It’s well known among those who keep hens that happy “chooks” lay more eggs.
The effort required is pretty basic – provide good food, decent accommodation and a reasonable amount of space to scratch around in.
And most of us who have a dog realise that the canine member of the family can have a remarkably positive impact on our home life, as long as they are decently treated.
Why is it that too many bosses seem not to know how to get the best out of their employees?
I’ve just been rereading a small but important report published in June 1998 by the UK Offshore Operators Association (UKOOA), which later morphed into Oil and Gas UK.
The report, titled “The Need for Competitiveness and Stability”, is relevant today. But the bosses behind the report and broader North Sea leadership 20 years ago have largely gone.
Though mostly well-schooled and very experienced, I rather think they were not as highly qualified on paper as today’s counterparts, especially mid-rankers and seniors.
I’ll bet anything that a higher percentage of today’s leaders are better coached in people and culture related issues than the guys who bestrode the North Sea back in the CRINE era.
But the current mess surrounding offshore rotas suggests they might as well not have bothered with the schooling.
Recent developments include Shell deciding to revert to two weeks on, three weeks off (2:3), though not until next year.
Total employees accepted a 15% pay rise in exchange for moving to 3:3, bringing them into line with crew on former Maersk Oil installations. Apache will switch its own staff members back to 2:3, but contractors will remain on 3:3.
Repsol Sinopec is conducting a review of its 3:3 schedule, with a decision expected before the end of the year.
RMT regional organiser Jake Molloy has shared a table of offshore schedules with me. Don’t worry, the companies have been anonymised.
A quick check of the table shows that a fair few companies never did shift to 3:3 during the last oil crisis, sensibly so in my opinion.
If you’ve never been to sea in the winter, as I have in my past, let alone a North Sea installation, which I haven’t, you might begin to understand what I’m driving at.
One of the uglier aspects of people management that has emerged lately is cultivation of what I can only describe as the “us and them” culture – contractors versus company people.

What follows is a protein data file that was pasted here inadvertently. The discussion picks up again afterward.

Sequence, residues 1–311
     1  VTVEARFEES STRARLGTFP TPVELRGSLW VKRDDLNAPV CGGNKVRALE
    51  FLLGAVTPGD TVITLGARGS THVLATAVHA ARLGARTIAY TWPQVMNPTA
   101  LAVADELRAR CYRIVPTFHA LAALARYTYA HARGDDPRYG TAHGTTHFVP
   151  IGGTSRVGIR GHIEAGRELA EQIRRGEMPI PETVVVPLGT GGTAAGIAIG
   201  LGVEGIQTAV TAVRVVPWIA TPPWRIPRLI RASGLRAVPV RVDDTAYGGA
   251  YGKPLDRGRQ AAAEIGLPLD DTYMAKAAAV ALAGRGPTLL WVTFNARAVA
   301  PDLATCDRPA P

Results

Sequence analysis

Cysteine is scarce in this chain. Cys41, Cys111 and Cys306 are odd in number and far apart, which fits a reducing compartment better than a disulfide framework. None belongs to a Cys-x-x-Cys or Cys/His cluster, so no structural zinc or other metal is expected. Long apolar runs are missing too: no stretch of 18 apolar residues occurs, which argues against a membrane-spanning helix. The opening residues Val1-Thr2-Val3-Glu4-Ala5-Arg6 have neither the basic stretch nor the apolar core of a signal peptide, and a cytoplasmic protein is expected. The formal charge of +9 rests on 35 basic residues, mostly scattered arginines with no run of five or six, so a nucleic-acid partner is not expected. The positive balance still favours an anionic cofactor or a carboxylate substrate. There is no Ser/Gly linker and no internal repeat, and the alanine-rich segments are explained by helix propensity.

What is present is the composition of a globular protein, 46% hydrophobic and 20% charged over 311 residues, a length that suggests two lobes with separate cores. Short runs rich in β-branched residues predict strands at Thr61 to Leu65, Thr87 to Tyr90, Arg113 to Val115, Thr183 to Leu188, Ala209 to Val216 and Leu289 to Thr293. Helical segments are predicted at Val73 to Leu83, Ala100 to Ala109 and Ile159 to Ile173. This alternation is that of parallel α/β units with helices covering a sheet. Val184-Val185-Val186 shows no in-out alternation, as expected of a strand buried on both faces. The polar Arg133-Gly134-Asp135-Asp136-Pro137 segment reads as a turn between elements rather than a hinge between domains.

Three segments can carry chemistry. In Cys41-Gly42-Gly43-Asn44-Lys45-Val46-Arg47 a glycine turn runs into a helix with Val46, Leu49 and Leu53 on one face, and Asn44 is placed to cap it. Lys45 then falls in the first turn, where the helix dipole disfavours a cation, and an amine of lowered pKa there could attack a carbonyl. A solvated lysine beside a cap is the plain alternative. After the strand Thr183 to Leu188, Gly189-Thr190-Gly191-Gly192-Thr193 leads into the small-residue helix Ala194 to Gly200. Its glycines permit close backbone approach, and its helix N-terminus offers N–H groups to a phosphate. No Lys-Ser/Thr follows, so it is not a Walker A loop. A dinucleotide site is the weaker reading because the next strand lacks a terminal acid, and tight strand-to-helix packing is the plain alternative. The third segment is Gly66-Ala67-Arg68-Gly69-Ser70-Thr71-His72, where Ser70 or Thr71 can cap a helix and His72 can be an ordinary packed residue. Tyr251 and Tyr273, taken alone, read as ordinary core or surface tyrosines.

It’s not accidental. It’s deliberate, in my view, and symptomatic of a much wider “bosses versus workers” malaise in the UK.
It is a culture that I naively thought had been left behind following the CRINE revolution of the 1990s. The mantra then was built around that great mafia word “respect”.
It seems that little of past learning has made it through to today’s culture, where some operators practise a differentiated offshore rota that favours company employees.
One of the little-reported effects of drastic offshore cost-cutting over the past five years is that, aboard many UKCS production installations, two-berth cabins have been converted to three-berth cabins to avoid the need for hiring flotels during maintenance and modifications campaigns.
As a result, contractors have been forced to adopt “cabin sharing etiquette”, a piece of terminology that is new to me. Meanwhile, the rule of thumb in Norway remains one person per cabin.
According to RMT, sickness and other absences are on the rise as are mental health problems in what appears to have become a more pressured working environment on the UKCS than ever before. I’m sure there are exceptions out there from which everyone can learn.
Ultimately, something could very well go badly wrong as a result of the current situation offshore UKCS. The MER ambitions for the long-term future of the North Sea will end up being compromised too. There is also the issue of compromised safety.
There is another industry building a presence out there in the North Sea. Offshore wind power is becoming a high profile business in its own right and a significant employer.
It isn’t cyclical like oil and gas. It seems not to hire and fire like oil and gas – at least not yet. It has already sucked in a large number of offshore workers who have become disillusioned with oil companies and contractors.
Most are unlikely ever to return, even if North Sea oil and gas achieves a sustained recovery this time and the industry once again bleats about skills shortages.
Then what? Just think chickens, or cast an eye in the direction of the family mutt.